With the Bush economy driving unemployment rates to a five-year high of 6.1% and the number of unemployed Americans now reaching 9.4 million, several leading U.S. senators today joined together in introducing legislation to extend unemployment insurance (UI) benefits so people can pay their bills while they look for work. In 1991 and 2002, Congress worked with the White House to enact similar legislation to extend UI benefits when unemployment rates were high.
The measure, authored by U.S. Senator Jack Reed (D-RI), will provide seven weeks of unemployment insurance for individuals who have exhausted their benefits. The bill also provides 13 additional weeks of benefits to unemployed workers in states that have been hit particularly hard by the economic downturn and have unemployment rates above 6%. States which would benefit from this provision include: Alaska, California, Illinois, Kentucky, Michigan, Mississippi, Missouri, Nevada, North Carolina, Ohio, Rhode Island, South Carolina, and Tennessee.
Without this legislation, hundreds of thousands of Americans are expected to run out of their current extended benefits in October and 1.1 million are estimated to run out by the end of the year.
"The Bush Administration's poor stewardship of the economy has contributed to a spike in unemployment, skyrocketing gas prices, and rising inflation. And yet there has been very little help for working families," said Reed. "When parents are out of work for long periods of time, it has a severe financial impact on families and their communities. In Rhode Island, approximately 200 individuals actively looking for work exhaust their unemployment benefits each week and they need help putting food on the table and keeping their utilities turned on. This critical legislation would throw a lifeline to 3,000 Rhode Islanders and hundreds of thousands of Americans across the country."
The bill also includes a provision to help qualifying states like Rhode Island replenish their unemployment insurance trust funds (UTF), which help pay a cover a portion of UI benefits. Rhode Island's unemployment fund has been depleted by the sharp increase in the state's unemployment rate, which is currently the third highest in the nation at 7.7%.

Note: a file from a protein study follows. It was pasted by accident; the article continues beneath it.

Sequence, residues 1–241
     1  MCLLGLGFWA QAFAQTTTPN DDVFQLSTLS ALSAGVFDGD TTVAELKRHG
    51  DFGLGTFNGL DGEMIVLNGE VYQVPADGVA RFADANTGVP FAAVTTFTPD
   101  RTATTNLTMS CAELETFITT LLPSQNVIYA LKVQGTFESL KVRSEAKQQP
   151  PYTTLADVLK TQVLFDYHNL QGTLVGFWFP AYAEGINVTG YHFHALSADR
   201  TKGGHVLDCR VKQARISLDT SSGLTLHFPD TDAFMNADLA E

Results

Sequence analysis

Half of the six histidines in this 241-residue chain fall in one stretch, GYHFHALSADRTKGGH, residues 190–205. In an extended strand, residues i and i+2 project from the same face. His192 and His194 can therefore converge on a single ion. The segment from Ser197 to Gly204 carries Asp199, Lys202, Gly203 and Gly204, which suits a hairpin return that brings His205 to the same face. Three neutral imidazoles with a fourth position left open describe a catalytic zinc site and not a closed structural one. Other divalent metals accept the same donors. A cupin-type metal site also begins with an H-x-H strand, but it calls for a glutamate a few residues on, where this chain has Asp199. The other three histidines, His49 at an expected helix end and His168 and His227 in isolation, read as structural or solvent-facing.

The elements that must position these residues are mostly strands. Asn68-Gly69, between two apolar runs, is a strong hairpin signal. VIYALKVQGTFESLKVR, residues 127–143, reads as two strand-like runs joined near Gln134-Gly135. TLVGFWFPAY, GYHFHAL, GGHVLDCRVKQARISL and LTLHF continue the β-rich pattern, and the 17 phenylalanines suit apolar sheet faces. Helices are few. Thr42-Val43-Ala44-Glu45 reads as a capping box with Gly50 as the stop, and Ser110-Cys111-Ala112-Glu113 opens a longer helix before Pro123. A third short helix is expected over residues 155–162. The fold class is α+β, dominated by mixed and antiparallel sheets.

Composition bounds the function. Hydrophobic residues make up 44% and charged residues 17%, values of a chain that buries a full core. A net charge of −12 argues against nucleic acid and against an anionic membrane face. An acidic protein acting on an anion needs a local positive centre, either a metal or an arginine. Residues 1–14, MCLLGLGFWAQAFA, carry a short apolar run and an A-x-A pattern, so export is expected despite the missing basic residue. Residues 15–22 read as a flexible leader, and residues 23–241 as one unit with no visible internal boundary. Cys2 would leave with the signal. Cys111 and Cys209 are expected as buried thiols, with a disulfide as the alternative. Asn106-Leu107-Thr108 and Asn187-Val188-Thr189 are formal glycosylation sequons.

"As our economy continues to suffer and unemployment rates continue to climb, we must ensure American workers have access to the support they need just to get by," said Senator Obama. "By the end of this year, more than a million workers will have exhausted their unemployment insurance benefits and that is unacceptable. This Administration has failed to extend these benefits during these tough times, and we cannot wait any longer. We must put the needs of working people first and extend unemployment benefits now. I commend Chairman Kennedy and Senator Reed for their leadership on behalf of America's working families."
"Each day brings more bad news as our economy continues to worsen-which means even tougher times ahead for millions of American families. Senator Kennedy is proud to join fellow Democrats in introducing this urgently-needed legislation to extend unemployment benefits for those hit hardest by job losses. He urges his colleagues to pass it at the earliest opportunity," said Anthony Coley, spokesman for Senator Kennedy, Chairman of the Senate Committee on Health, Education, Labor, and Pensions.
"This bill gets at the core of one of our most pressing domestic issues by providing additional assistance to those Americans who have lost their jobs in this tough economic time; with unemployment figures rising every month Americans need a little extra coverage to pay the bills as they get back on their feet and back to work," said Baucus. "I look forward to working with my colleagues in the Senate to do what's right for America's working families, and move these provisions."
"As the economy continues to deteriorate and unemployment numbers reach new heights, we ought to be doing all that we can for those families most in need," Durbin said. "Extending unemployment benefits is the not only moral thing to do to aid struggling families, but it will also breathe some life into our troubled economy. I hope my colleagues roll up their sleeves and join us in promptly passing this important bill."
"Our economy has endured eight years of the failed economic policies of a Republican administration with a philosophy that simply doesn't work. It is clear that the fundamentals of our economy are not strong," said Stabenow. "Michigan has the highest unemployment rate in the country, and from coast to coast, middle-class families are struggling to put food on the table and make ends meet as we face record job loss. This extension of unemployment insurance will not only provide support to families who need it most, but it is one of the fastest, most effective ways to stimulate the economy."
"These are difficult, difficult times for many families. For millions of Americans who are looking for a job today, the challenges seem almost insurmountable," Whitehouse said. "Unemployment insurance is just that - insurance, helping people pay the mortgage or the rent or feed their families as they work to get back on their feet. I commend Senator Reed, my senior senator, for his leadership and hope the Senate will act quickly to pass this bill."
A similar measure, H.R. 6867 has been introduced in the U.S. House of Representatives.